Country Music Television Keeps on Truckin

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CBS Cable's Country Music Television is accelerating
its local-marketing and promotion plans for 1998, including putting the pedal to the metal
with a fifth CMT truck in early May.

Those trucks -- the first of which hit the asphalt for CMT
in July 1993 -- have proven to be attractive vehicles not only for grassroots promotions,
but also for driving ad sales for the network's affiliates, according to Bob Storin,
CMT's director of marketing.

CMT -- which did just under 1,000 local promotions last
year, and which expects to do "1,100 or 1,200" this year, with and without
trucks -- offers the vehicles to interested affiliates for use at country fairs,
festivals, rodeos, concerts and the like, Storin said. He estimated that each truck
averages 25 events per month.

The need for yet another truck -- which will debut May 10
in Chicago for the George Strait Chevy Truck Country Music Festival -- became clear once
CMT committed two from its existing fleet to the Strait tour and the "Wal-Mart Music
Across America Tour" -- two examples of what CMT refers to as "backyard
marketing."

The ad-sales aspect has just started to catch on among
affiliates within the past year, Storin said, but CMT can't gauge volume, since many
don't report their results.

Tele-Communications Inc.'s TCI Media Services in Texas
and Louisiana sold nearly $175,000 in local time to one-dozen accounts around the
truck's visits last spring, including Pontiac dealers, apparel stores, restaurants
and an appliance store, said Tom Calvin, Dallas-based TCI regional marketing director.

That was mostly incremental revenue, but Calvin cited a
mall and a couple of car dealers as new-to-cable accounts.

From March to May 1997, whenever the CMT vehicle
wasn't occupied with the Wal-Mart Tour, TCI systems in Houston, Dallas, Abilene and
Corpus Christi, Texas, "kind of monopolized the truck," Calvin said. He added
that the truck worked equally well in systems with 35,000 subscribers and systems with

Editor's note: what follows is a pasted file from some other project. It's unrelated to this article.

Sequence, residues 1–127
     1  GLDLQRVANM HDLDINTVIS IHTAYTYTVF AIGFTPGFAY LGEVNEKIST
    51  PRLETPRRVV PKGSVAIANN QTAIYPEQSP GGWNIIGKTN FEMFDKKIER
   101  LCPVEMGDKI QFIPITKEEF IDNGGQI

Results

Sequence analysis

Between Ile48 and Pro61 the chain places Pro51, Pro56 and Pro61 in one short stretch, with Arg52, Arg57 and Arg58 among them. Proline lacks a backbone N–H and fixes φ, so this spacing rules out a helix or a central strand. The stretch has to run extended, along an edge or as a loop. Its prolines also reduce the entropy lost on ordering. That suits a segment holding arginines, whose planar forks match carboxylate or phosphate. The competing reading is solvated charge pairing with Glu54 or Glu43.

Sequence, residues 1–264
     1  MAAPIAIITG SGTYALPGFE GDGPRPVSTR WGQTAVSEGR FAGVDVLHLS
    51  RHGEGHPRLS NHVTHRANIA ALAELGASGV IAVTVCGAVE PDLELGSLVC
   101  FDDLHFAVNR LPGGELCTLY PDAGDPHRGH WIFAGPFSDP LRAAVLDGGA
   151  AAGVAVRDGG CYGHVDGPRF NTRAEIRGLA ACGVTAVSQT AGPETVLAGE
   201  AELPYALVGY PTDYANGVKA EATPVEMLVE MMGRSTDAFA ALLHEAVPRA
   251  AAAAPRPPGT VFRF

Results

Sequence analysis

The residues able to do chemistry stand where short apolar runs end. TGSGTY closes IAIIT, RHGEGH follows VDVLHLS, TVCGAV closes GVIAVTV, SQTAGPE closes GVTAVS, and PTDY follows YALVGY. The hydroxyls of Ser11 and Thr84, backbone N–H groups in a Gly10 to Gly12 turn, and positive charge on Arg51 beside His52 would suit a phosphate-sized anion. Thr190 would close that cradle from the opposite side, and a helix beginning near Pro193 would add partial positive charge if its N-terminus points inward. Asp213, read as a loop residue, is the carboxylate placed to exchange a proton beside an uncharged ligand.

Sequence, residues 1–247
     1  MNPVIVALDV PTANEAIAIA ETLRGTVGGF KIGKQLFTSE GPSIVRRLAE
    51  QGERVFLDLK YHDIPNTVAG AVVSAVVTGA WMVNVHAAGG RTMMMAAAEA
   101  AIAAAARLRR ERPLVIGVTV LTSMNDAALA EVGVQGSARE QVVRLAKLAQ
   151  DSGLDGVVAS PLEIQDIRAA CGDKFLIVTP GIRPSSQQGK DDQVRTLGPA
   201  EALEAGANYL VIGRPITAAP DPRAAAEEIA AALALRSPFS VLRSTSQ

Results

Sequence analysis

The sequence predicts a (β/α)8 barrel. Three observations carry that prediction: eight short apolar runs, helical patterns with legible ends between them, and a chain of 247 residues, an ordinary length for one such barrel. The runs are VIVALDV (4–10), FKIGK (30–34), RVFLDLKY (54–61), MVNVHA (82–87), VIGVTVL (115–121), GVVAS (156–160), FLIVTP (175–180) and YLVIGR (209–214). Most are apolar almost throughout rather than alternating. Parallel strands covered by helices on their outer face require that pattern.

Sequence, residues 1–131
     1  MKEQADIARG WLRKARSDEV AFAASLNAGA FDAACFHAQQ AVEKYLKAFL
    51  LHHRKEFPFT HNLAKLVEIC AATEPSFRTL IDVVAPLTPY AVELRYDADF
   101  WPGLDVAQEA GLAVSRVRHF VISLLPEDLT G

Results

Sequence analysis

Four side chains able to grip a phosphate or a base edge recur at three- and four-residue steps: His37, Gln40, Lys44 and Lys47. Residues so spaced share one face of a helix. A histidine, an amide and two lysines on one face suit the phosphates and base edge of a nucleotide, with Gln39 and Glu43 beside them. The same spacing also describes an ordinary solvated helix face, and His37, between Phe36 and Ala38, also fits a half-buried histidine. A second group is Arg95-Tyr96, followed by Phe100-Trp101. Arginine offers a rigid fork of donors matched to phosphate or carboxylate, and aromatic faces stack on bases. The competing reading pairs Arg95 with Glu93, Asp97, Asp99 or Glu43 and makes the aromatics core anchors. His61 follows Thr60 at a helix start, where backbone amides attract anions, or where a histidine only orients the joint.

670,000 subscribers, which is why most of the systems plan to use it again this spring.

In Raleigh, N.C., Time Warner Cable's Adcast sold the
promoter of a home show on its first cable buy by linking it with CMT's truck visit
in mid-June, said Denise Dobbins, the system's promotion specialist. Time Warner is
talking with some car dealers about future linkups, she added.

Time Warner systems in St. Augustine, Lake City, Palataka
and elsewhere in Florida used CMT's truck stops to spark excitement among viewers and
employees for CMT's April 1 launches, said Michelle Broussard, public-affairs
director for the MSO's Atlanta national division. In Marietta, Ga., Time
Warner's system plans another CMT promotion around an April 17 Deana Carter concert,
although the truck may not be involved.

CMT is the media sponsor of the Strait tour, with a
seven-performer roster that will make 18 stops in stadiums in such markets as Phoenix;
Tampa, Fla.; New Orleans; and Birmingham, Ala. Each stadium holds about 50,000 people. CMT
has reserved 20 tickets for the Strait tour's final stop at Houston's Rice
Stadium June 7 for winners of a local sweepstakes involving advertisers in 10 tour
markets.

Starting April 27, CMT will present the Wal-Mart
tour's second year. Soon after Strait's tour concludes in June, it'll be
followed by a new,unspecified "CMT Presents" tour for the second half of
the year, Storin said.

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